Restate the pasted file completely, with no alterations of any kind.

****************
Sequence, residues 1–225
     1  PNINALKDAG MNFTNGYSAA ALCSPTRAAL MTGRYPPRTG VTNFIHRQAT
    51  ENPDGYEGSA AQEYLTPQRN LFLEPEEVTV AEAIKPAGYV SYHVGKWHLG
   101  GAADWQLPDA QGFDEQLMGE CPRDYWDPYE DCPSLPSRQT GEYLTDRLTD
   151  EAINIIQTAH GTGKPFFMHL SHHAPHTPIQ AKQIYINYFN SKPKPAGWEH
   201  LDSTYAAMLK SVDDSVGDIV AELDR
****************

Sequence, residues 1–225
     1  PNINALKDAG MNFTNGYSAA ALCSPTRAAL MTGRYPPRTG VTNFIHRQAT
    51  ENPDGYEGSA AQEYLTPQRN LFLEPEEVTV AEAIKPAGYV SYHVGKWHLG
   101  GAADWQLPDA QGFDEQLMGE CPRDYWDPYE DCPSLPSRQT GEYLTDRLTD
   151  EAINIIQTAH GTGKPFFMHL SHHAPHTPIQ AKQIYINYFN SKPKPAGWEH
   201  LDSTYAAMLK SVDDSVGDIV AELDR